Pensioners from Catalyst Paper's British Columbia mills in Port Alberni, Crofton and Powell River play integral role in convincing province to approve reduced costs to company's pension plan, part of 11th-hour deal allowing Catalyst to continue operations
NANAIMO, British Columbia
July 4, 2012
(The Daily News (Nanaimo) )
– Retired employees at Catalyst Paper mills on Vancouver Island were the driving force behind a restructuring deal that will keep the beleaguered forest company afloat.
Pensioners from Catalyst mills in Port Alberni, Crofton and Powell River were integral in the discussions that convinced the province to approve reduced costs to the company's pension plan.
It was part of an 11th-hour deal between the company and its creditors that became the accepted strategy to reduce its debt from $650 million to $250 million and allowed Catalyst, and its approximately 7,000 Island employees, to continue operations.
Workers taking the initiative to ensure the continued operations of local mills during the ongoing global downturn in the forest industry is not new to the region. Employees at the Harmac pulp mill in Nanaimo decided to combine forces and joined a number of private investors to become part-owners of the mill and prevent its closure after its parent company, Portland's Pope & Talbot, went bankrupt in 2008.
However, analysts agree that the ongoing struggles in B.C.'s forest industry will likely continue, at least for the short-term, despite enterprising and entrepreneurial moves by forestry workers to revive and restore individual mills.
Kevin Mason, an industry analyst with Vancouver's Equity Research Associates, said it's noteworthy that Catalyst's retired workers decided to "have a voice" and were willing to get involved in the process to save their pensions, albeit at reduced rates, and the company itself.
However, Mason said similar scenarios and many other B.C. mills are unlikely.
"Some mills and their workers can sacrifice all they want and there will still be no pot of gold at the end of the rainbow because the markets for their products continue to suffer," he said.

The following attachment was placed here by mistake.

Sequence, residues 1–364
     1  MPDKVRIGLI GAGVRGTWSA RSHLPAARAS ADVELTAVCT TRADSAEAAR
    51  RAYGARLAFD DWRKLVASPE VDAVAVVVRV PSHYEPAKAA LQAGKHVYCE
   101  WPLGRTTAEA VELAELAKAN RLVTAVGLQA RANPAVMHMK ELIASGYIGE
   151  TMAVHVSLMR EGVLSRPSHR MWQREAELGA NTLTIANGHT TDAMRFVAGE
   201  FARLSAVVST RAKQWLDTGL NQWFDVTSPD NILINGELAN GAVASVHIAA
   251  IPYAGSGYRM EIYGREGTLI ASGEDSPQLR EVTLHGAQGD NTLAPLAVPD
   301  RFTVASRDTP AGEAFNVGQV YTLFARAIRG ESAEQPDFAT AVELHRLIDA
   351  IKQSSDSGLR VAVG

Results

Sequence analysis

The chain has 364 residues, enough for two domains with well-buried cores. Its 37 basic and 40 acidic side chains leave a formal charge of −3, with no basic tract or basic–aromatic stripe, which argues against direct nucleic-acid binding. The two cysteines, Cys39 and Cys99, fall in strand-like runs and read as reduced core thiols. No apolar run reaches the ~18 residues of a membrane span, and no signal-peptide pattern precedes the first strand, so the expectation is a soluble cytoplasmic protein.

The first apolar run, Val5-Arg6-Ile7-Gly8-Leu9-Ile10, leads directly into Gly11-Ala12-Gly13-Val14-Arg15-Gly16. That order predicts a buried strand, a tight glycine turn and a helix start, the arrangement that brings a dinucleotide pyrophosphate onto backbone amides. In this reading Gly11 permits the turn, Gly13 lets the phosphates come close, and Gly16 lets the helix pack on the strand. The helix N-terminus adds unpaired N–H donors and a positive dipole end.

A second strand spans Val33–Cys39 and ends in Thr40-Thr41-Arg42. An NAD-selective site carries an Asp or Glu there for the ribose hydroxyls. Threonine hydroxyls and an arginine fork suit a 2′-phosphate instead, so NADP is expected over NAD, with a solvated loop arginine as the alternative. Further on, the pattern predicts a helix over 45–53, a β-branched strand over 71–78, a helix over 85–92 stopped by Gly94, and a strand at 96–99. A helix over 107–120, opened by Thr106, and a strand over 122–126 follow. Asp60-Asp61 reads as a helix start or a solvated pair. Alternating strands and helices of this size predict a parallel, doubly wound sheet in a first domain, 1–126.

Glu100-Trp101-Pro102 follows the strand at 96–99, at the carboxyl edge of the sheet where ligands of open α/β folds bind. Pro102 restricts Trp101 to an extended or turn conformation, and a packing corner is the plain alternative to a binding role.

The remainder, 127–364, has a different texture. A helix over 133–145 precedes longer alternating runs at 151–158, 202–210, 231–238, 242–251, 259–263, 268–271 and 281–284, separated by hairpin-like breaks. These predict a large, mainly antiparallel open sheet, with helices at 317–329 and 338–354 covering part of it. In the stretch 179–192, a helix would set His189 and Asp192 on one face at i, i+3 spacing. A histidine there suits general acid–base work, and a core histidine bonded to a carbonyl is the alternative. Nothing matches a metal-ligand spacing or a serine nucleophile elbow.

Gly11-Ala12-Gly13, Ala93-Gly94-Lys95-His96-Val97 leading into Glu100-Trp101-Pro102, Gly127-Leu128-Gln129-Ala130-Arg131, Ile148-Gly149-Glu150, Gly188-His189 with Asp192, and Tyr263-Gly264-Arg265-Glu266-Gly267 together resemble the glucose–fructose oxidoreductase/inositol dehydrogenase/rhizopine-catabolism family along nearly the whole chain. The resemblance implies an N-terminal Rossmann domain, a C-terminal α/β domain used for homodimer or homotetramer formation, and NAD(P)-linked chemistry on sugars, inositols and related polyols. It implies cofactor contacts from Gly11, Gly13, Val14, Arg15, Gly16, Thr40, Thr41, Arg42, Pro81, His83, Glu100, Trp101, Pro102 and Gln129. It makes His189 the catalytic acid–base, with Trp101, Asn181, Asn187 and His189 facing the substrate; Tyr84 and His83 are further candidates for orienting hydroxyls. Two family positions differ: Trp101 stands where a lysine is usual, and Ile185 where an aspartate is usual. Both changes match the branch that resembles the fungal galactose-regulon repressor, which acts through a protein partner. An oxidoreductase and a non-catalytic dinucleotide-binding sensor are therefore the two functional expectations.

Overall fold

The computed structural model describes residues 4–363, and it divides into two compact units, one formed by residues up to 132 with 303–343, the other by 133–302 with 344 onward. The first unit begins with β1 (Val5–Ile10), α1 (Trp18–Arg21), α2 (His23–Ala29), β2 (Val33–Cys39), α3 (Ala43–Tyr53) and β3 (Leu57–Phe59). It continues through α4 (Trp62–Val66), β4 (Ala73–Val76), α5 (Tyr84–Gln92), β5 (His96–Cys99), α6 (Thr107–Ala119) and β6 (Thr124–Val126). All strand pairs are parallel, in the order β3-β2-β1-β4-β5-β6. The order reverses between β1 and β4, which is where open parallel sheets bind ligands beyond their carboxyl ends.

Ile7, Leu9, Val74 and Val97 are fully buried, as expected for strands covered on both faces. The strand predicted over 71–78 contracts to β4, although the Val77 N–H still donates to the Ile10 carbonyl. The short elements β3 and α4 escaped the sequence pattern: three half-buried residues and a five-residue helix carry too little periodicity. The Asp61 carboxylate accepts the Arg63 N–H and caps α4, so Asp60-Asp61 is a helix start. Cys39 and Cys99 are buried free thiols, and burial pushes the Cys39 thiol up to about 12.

"While some domestic markets for our forest products are starting to look encouraging, the export market continues to plummet. The industry is far from being out of the woods yet."
It has been a difficult five-year stretch for Nanaimo's struggling forest industry.
The collapse of the American housing market in 2007, the main market at the time for most of the province's forest exports, hit local saw and pulp mills hard.
A series of work curtailments, shutdowns and the layoff of hundreds of local forestry workers followed and many mills are still working with skeleton crews on minor contracts until market conditions improve.
The successful relaunch of the Harmac pulp mill, with its new worker-led ownership model, in 2008 was widely seen as one of the few bright spots in a battered industry.
Harmac president Levi Sampson said, while the model may work for Harmac, he agreed that the mill's accomplishment may not be easily replicated with other forest companies.
He said that in the case of Catalyst and many other of B.C.'s forest companies, employees may not be able to buy into their companies "in any meaningful way" due to their enormous debt loads.
Sampson said Nanaimo Forest Products, consisting of the workers and private investors, were able to buy the Harmac mill for just $13.2 million and that allowed the employees to invest into a big stake of the mill.
"The worker-led model has allowed us the ability to decrease our costs and still be internationally competitive in these hard times," Sampson said.
"While all companies are different and face their own challenges, I'd recommend our model to anyone. In my view, the success with many forest companies these days lies in a ground-up approach with significant investment from the workers."
Arnold Bercov is the president of the Pulp and Paper Workers' Union Local 108, which represents employees at Harmac and at Western Forest Products' sawmill in Ladysmith.
He said that while he's optimistic that the local forest industry will eventually recover, he doesn't necessarily see its revival coming as a result of drastically changing the structure of B.C.'s forest companies.
"There are so many factors to consider, including the fact that the Chinese and European economies are stuck in neutral right now and it's a struggle for everyone to survive until there's an upturn in the industry," he said.
"But I do think things will eventually get better. We have the best wood basket in the world and we're geographically positioned on the water to take advantage of the markets when they recover."
Mason said the demand for B.C.'s wood products is still shrinking and, with changing markets, he wondered if it will ever regain its vibrancy.
"It's a fact that people are switching away from news print and are increasingly turning to mobile devices for their information," he said.
"We're seeing quite a shift in the market as people's habits change and that means demand for many of our wood products continues to shrink."
Number of employees at Nanaimo's mills
800 Approximate number of workers at Western Forest Products' two city mills in 2008
300 Approximate number of WFP workers currently at the two mills
525 Approximate number of workers at Harmac pulp mill in 2008.
300 Approximate number of workers now at Harmac.
160 Approximate number of workers at Coastland Wood Industries.